Tonight’s guest blog post, of the fantasy genre, is brought to you by novelist and short story author of fantasy, paranormal, YA, romance and historical novellas (does that leave much? :)) Phoebe Matthews.
‘Switching from Fantasy to Urban Fantasy’
The first hardcover I ever wrote was a fantasy titled Cast Down the Stars, for Holt Rinehart Winston. That was many years ago when the fantasy market was thin and so my agent sent me off in the direction of romance, Regency and YA. It wasn’t what I wanted to write but I like to think my writing skills improved with those dozen agent-driven novels sold to major publishers.
With the market in its current upheaval and NY publishers’ decisions filtered through agents and taking forever and my patience shortened with age, I recently decided it was time for a change. The first change was to start writing books that were fun for me to write, which meant switching to urban fantasy, my favorite reading choice.
Cast Down the Stars was pure fantasy, based in an invented world. At its core was a teenage astrologer who taught in the local school and was heavily involved with her community. I always liked that girl. With her in mind, I came up with a new protagonist, a young woman in her early twenties who lives in Seattle and works two jobs to pay the bills. One job is part-time tutoring at a community center in her neighborhood, called Mudflat by the residents. Here old magic runs through the local families and is inherited in weak doses.
This was the start of a series and I wasn’t sure anyone would like it beyond the publisher and editor who were both enthusiastic. About the time my confidence hit bottom, the first Mudflat book, titled Tarbaby Trouble, won an EPPIE for Best Fantasy of 2009 and so I kept going and have loved every minute of writing this series. I am now working on the sixth book.
Urban fantasy differs from straight fantasy in that it is contemporary and set in the real world. Characters can wander in and out of fantasy worlds in their adventures, but their lives are grounded in a real place. Some of the protagonists have powerful magical abilities that can affect many lives, like Harry Potter and his friends. Some, like Lori Devoti’s heroine in Demon High, have strong magic limited to a narrow situation. Some are more like Sookie Stackhouse who has no magic other than an ability to read minds and that skill causes her more problems than it solves.
No one approach is better than any other. I enjoy reading all types. But when I write, I like women who have no magic and must use their smarts. They have to figure their way through personal and local disasters. They aren’t Buffy. They can’t save the world with amazing strength or magic.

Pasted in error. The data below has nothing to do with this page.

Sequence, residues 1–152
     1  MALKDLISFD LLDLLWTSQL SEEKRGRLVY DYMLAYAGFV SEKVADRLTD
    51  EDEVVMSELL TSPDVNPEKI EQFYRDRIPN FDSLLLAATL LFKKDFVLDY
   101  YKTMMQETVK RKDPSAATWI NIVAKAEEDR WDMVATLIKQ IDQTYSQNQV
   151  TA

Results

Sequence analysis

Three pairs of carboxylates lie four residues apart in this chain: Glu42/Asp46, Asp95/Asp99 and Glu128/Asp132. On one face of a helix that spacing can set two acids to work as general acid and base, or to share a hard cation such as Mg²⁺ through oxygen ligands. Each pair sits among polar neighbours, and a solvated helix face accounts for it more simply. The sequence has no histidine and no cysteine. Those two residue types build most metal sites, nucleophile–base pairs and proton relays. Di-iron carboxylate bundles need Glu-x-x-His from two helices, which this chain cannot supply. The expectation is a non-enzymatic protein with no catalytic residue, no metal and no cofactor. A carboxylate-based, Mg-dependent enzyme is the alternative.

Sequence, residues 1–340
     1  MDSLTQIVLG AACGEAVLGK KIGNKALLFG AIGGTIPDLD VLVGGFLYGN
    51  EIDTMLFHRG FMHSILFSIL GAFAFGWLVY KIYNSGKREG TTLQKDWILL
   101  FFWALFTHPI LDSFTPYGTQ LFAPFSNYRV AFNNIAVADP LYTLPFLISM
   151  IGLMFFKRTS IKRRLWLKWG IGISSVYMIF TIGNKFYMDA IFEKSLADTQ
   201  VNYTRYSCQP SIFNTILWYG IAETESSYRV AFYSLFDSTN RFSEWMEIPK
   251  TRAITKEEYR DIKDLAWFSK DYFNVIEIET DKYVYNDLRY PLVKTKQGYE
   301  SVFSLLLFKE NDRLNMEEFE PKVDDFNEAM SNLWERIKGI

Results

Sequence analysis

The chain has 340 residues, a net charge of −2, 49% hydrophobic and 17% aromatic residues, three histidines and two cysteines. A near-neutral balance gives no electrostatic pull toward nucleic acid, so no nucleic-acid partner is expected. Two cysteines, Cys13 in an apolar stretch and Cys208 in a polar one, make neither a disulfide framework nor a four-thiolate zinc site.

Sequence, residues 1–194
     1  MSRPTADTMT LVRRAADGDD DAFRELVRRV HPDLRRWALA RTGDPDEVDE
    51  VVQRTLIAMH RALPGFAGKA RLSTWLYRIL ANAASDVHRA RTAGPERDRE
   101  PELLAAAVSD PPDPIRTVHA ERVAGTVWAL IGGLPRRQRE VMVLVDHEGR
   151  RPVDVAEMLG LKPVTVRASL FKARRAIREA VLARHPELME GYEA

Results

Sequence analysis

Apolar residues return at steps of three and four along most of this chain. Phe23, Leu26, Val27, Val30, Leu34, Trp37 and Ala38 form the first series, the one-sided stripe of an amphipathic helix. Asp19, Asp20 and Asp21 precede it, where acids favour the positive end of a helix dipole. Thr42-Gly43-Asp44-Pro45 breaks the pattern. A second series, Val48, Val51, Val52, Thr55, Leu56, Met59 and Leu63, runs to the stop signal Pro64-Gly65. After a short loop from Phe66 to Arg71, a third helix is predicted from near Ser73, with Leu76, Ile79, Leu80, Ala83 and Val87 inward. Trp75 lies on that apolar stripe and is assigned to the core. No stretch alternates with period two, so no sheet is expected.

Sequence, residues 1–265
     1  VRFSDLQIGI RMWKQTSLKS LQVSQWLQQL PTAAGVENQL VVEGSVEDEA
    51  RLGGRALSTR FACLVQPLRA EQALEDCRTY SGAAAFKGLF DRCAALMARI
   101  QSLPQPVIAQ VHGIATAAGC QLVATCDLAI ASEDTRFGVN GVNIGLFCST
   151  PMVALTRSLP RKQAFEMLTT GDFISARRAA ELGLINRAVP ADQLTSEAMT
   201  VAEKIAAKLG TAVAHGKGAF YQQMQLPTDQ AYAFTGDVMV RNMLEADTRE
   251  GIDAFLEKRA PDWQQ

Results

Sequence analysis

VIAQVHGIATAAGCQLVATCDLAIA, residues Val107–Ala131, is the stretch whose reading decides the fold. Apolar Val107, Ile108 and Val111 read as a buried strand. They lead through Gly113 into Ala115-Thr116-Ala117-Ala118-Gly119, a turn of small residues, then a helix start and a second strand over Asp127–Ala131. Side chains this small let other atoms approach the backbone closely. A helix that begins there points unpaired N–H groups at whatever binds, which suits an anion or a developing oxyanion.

This possibly makes them easy for readers to relate to, because most women have to use their wits to survive and be happy. The difference between these protagonists and their readers is that the protagonists face fantasy enemies and situations. The similarity is that both the fictional protagonists and readers grind their teeth in frustration and then charge in and find solutions to their own problems.
This is my formula for the Mudflat series and for the Sunspinner series. Both have non-magic heroines. Claire lives in a rundown Seattle neighborhood called Mudflat. Claire’s fortunetelling skills are accurate enough to attract danger, but she has no magic with which to protect herself other than her wits. Across town in a wealthy neighborhood Elaine fronts for a household of paranormals who are being threatened by a demon invasion. Elaine is smart but hey, we’re talking demons here. So those are my typical non-magic heroines.
On the other hand, rules are made to be stretched. And so I veered off into creating a protagonist who is not your normal lady next door. She is a vampire in the Turning Vampire series. What she has in common with my other heroines is that she keeps stumbling into situations she doesn’t know how to control. Like the Claire and Elaine, Georgia has to depend on her wits rather than her physical strength or magic abilities. Unlike them, she greatest battle is to maintain self control. If she loses it, she will become the villain and end up with a dead boyfriend.
Urban fantasy series are a bit like mystery series, tied together by the same protagonists continuing through the stories. Romances aren’t always HEA or monogamous. The romance is often secondary to the main plot of suspense or adventure. What urban fantasy and pure fantasy have in common is tension, suspense, excitement, and a chance to let the reader escape the humdrum and stand on the cliff edge of magic.
Thank you Phoebe!
Phoebe Matthews has a backlist of books published by Avon, Dell, Holt, Putnam, Silhouette and others. Most of her out of print titles are now available again as ebooks. She is currently writing three urban fantasy series:
Mudflat series, BookStrand, first book is Tarbaby Trouble, winner of the 2009 EPIC Award for Best Fantasy. Available from Amazon.com.
Turning Vampire series, Dark Quest Books, first book is Vampire Career. Also available from Amazon.
Sunspinner series, LostLoves Books, first book is Demonspell. Also available from Amazon.
All are set in the Pacific Northwest where she lives. Her historic Chicago 1890s series occurs in the neighborhood where she spent childhood holidays with her grandparents. Phoebe’s website is http://phoebematthews.com.
If you would like to write a writing-related guest post for my blog then feel free to email me with an outline of what you would like to write about. If it’s writing-related then it’s highly likely I’d email back and say “yes please” (while quietly bouncing up and down in my seat with joy!).